Functional and Nutritional Assessments in Geriatric Rehabilitation. A Feasibility Study

Detta är en avhandling från Lund University, Department of Nursing, P.O.Box 157, SE-221 00 LUND, SWEDEN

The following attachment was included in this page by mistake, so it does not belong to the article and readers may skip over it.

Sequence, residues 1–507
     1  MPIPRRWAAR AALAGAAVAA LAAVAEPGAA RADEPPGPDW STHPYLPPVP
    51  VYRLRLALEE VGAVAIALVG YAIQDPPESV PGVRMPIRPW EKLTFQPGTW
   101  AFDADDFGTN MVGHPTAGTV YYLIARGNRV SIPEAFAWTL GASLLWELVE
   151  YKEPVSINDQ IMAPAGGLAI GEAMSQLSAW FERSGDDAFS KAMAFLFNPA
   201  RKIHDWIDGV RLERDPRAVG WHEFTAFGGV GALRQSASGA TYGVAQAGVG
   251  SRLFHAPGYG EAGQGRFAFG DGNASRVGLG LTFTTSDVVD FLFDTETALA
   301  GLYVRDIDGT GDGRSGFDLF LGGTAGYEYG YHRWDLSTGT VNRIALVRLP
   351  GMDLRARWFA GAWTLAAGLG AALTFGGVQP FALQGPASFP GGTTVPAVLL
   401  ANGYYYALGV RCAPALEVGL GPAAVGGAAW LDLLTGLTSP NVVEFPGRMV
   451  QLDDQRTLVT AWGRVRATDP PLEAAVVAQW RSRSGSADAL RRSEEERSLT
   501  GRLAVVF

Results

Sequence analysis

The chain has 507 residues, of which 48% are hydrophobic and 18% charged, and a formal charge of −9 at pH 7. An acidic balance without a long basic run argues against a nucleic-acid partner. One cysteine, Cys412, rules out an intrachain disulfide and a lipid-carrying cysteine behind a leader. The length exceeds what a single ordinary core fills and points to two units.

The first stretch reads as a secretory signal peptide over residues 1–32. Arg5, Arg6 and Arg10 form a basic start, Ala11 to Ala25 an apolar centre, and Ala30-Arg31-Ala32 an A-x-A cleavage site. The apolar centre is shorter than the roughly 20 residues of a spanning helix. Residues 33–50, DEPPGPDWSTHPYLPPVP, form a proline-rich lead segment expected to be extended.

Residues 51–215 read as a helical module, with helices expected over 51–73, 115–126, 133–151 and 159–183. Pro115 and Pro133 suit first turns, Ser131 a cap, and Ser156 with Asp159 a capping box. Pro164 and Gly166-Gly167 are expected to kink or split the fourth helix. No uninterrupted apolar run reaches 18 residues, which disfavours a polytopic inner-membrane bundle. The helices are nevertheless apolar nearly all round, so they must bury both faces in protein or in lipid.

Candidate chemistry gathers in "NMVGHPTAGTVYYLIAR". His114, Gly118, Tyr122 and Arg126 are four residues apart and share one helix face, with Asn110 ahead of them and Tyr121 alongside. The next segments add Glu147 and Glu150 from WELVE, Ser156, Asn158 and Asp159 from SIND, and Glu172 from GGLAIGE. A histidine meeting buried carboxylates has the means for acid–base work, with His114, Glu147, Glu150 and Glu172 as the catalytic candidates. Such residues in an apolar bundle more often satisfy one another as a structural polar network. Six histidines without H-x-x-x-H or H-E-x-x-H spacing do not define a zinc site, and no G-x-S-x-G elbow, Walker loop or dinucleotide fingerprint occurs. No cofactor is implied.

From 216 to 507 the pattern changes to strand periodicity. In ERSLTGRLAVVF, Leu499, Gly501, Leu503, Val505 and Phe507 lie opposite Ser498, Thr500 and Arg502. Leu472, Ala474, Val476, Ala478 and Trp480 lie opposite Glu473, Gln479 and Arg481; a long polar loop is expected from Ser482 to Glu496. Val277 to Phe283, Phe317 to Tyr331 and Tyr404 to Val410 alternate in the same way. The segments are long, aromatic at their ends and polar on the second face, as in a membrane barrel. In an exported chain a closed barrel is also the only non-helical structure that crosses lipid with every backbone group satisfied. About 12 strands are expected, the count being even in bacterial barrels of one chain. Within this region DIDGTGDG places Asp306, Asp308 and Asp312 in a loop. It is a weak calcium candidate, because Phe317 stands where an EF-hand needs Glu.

Sammanfattning: The aim was to evaluate the effectiveness and feasibility of functional and nutritional assessments in geriatric rehabilitation in Copenhagen, Denmark, and in addition to study clinically identifiable risk factors for undernutrition, association between nutritional and ADL status, feasibility and effectiveness of nutritional intervention conducted by the nursing staff, and the nursing staffs attitudes towards nutrition-related assessments. Two data collections were conducted in the geriatric clinics in Copenhagen. The first sample consisted of 2812 geriatric patients, mean age 82.5 years in four different hospitals. In this study approximately 50 key persons were selected from the interdisciplinary staff to ensure the implementation of five functional assessment scales measuring basic activities of daily living: (BADL), (Barthel Index), balance (Berg's Balance Scale), mood (Montgomery and Åsberg's Depression Rating Scale), cognitive function (Mini Mental State Examination), and social network. All interdisciplinary staff, 500 persons (nurses, physiotherapists, occupational therapists, physicians and social workers) were trained in doing assessments before implementing them. A second sample consisted of 345 patients, mean age 84 years. The nurses assessed nutritional status, BADL and nutrition-related factors on admission and nutritional and BADL status on discharge. Nurses in the intervention unit received training and daily supervision to apply the intervention: identifying patients at risk for undernutrition and those who were undernourished, and consequently providing treatment. The nurses in a control unit assessed the nutritional and BADL status only. The inpatients needed some help for BADL, had poor balance and were at risk of falling, 19% had depressive thoughts or depression, and 53% had cognitive problems. Day-hospital patients had better functions. The patients? ADL and balance improved considerable during the rehabilitation. The interdisciplinary staff administered the scales to an acceptable level, despite not meeting the goals set. About 40% of the patients were undernourished and more than 50% were at risk for undernutrition on admission. No help with cooking, poor appetite, oral cavity problems and high age were associated with undernutrition on admission. The patients used a high numbers of drugs, many had nausea or vomiting and constipation. Positive association between nutritional status and ADL function was found. The nurses conducted the intervention significant higher than the nurses in the control unit did in 14 of 18 potential risk factors for undernutrition, but no difference was observed. Nurses from both the intervention and control unit had positive attitudes towards assessments of nutrition-related factors. This thesis show that functional and nutritional assessments gave important information about the patients? functional and nutritional status, identified nutrition-related risk factors on admission and were feasible in everyday practice.

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